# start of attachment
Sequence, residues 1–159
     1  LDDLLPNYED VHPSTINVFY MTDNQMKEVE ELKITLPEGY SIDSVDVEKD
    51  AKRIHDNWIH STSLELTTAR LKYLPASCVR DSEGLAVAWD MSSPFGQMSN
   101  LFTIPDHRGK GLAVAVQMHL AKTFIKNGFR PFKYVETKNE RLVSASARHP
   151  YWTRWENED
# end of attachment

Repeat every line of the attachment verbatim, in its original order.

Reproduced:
Sequence, residues 1–159
     1  LDDLLPNYED VHPSTINVFY MTDNQMKEVE ELKITLPEGY SIDSVDVEKD
    51  AKRIHDNWIH STSLELTTAR LKYLPASCVR DSEGLAVAWD MSSPFGQMSN
   101  LFTIPDHRGK GLAVAVQMHL AKTFIKNGFR PFKYVETKNE RLVSASARHP
   151  YWTRWENED